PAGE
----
Having affirmed that we have been justified by faith, and therefore have peace with God, access to God’s grace, and a joyful, confident hope in the glory of God, Paul goes on to explain the basis of this confidence, saying ‘You see, just at the right time ...’ Just at the right time ... God saved us when we were totally unable to save ourselves, totally disqualified, totally cut off from him by our sin.

Paul stresses this very strongly, because of our ever present inclination to relate to God on the basis of our own merit and ability, and to assume that God relates to us on that same basis. Paul teaches us that the primary truths of the Gospel make these inclinations and assumptions of ours invalid and ludicrous. Those who believe in his Son have peace with God, rejoice in the hope of the glory of God, and even rejoice in suffering, precisely because our salvation in Christ has absolutely no connection to our own merit and ability.

Christ died for us 'when we were still powerless ... ' God didn't wait for us to improve our behaviour and increase our merit before he took steps to save us. When Jesus died for us we were 'powerless'. This tells us of our utter inability to save ourselves - when we didn't have the strength, figuratively speaking, even to lift our little finger and beckon Christ to come and help us. This reflects the truth taught by Jesus: 'apart from me you can do nothing' (John 15:5). It reflects also a statement in Hebrews 'without faith it is impossible to please God’ (11:6), and it assumes what Paul has already taught us in Romans 3:20 'no one will be declared righteous in his sight by observing the law.' In ourselves, as we stand in our humanness, as we stand before God just as we are – ‘according to flesh’ - we are powerless to gain or maintain our own salvation. We do not and we cannot please God (Romans 8:7,8).

Christ died for those whom Paul calls 'the ungodly'. As Jesus said: 'I have not come to call the righteous, but sinners' (Matthew 9:13), and 'the Son of Man came to seek and to save what was lost' (Luke 19:10). At the bottom line no one is 'godly', but it is only those who recognize that who know their need to reach out and take salvation as a free gift from the hand of Jesus. So here Paul says 'Christ died for the ungodly’. His death, and the grand salvation that it achieves, was not planned and implemented by God for us to merit, but precisely because we will never and can never merit it.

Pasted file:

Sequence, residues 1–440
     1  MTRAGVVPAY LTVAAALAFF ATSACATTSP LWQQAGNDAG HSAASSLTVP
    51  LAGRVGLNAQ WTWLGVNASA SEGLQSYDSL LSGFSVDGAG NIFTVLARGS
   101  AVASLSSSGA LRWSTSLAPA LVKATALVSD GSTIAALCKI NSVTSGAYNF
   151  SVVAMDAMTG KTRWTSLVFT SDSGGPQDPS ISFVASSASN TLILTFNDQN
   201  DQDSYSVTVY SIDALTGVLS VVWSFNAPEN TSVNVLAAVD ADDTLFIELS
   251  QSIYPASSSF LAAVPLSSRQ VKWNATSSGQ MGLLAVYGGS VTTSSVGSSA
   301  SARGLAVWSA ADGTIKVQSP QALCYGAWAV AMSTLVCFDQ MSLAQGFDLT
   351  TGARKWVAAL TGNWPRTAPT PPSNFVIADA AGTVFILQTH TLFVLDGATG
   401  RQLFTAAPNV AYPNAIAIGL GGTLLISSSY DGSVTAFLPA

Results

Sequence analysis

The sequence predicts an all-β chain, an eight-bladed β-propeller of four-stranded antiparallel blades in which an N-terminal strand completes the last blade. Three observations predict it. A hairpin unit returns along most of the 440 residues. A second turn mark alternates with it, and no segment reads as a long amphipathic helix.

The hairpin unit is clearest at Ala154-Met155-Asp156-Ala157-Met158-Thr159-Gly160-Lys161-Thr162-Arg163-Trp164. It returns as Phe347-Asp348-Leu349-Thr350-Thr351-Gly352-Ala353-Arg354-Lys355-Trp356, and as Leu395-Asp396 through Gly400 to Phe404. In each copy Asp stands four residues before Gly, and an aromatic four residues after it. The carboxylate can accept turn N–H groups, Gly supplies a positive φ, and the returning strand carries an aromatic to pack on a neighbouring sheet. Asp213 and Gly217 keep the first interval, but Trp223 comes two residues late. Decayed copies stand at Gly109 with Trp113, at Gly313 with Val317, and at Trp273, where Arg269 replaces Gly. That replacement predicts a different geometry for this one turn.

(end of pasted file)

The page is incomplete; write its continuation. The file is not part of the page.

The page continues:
Who are these 'ungodly' for whom Christ died? The Scripture tells us that they are those upon whom God's wrath and judgement are due: Romans 1:18; 11:26; 1Timothy 1:9,10; 1 Peter 4:18; 2 Peter 2:4-6; Jude 15,18. These are the 'ungodly'. But let us not stand in accusation, for we also are included. We are the 'ungodly', those whom Paul has so painstakingly described in Romans 1:18 to 3:18, and we were still the 'ungodly' when Christ died for us, and we were still the 'ungodly' when the Spirit of Jesus moved us to faith and repentance. If we refuse to classify ourselves by this accusing adjective, then we can have no part in the death of Christ: he died 'for the ungodly'.

Christ died for us 'while we were still sinners ... ' Not content with stating that Christ 'died for the ungodly', Paul says it again in different words, and again he emphasizes that it was 'while we were still' sinners '. Not after we had achieved some degree of self improvement, not after we had turned over a new leaf, not after we could show some evidence that we were serious about God and religion. No. While we were still sinners. Paul considers this act of God in Christ on our behalf to be a demonstration of God's love. Who would do such a thing for such undeserving people? Only someone with infinite, immeasurable, unconditional love. It is possible that someone might choose to die for a good man (5:7), but to die for sinners, to die for the ungodly, to die for those who are contrary to everything one is and stands for - that takes incredible love. That takes, and that demonstrates, the love of God (5:8).

Christ died for us 'when we were God's enemies ... ' Not only were we powerless, ungodly and sinners, we were also God's enemies when he did this amazing thing for us. 'When we were God's enemies, we were reconciled to him through the death of his Son' (5:10). This is sheer, absolute love. Sheer, absolute grace. God planned it. God initiated it. God did it. For us. When we were his enemies. He didn't wait for us to move onto his side and then send Christ to die. He didn't wait for us to change allegiance, and then offer us a peace treaty. All that he did, all that was necessary to reconcile us to him, he did when we were his enemies - when we were opposed and contrary to him in thought, in inclination, in word and attitude and in action.

How did God achieve this? As we have seen in Romans 3, and as we will see again powerfully taught and explained in chapter 6, the death of Christ is means by which salvation is obtained and provided. Again we see Paul using the word 'justified’, that is, legally acquitted; we see also the concept of reconciliation, which is very similar to the 'atonement' we found in 3:25. Paul's purpose here in 5:1-11 is to make sure we understand what the effective cause of our salvation is: it is nothing in us, for we were powerless, ungodly, sinners and enemies of God. The effective cause of our salvation is the death of Jesus Christ on the cross, an action, an event, embedded in the will of God, that cannot be undone by any lack of merit or deserving on our part. It is this death, this shed blood, by which we are justified, by which we are reconciled to God.

Just at the right time.

© Rosemary Bardsley 2020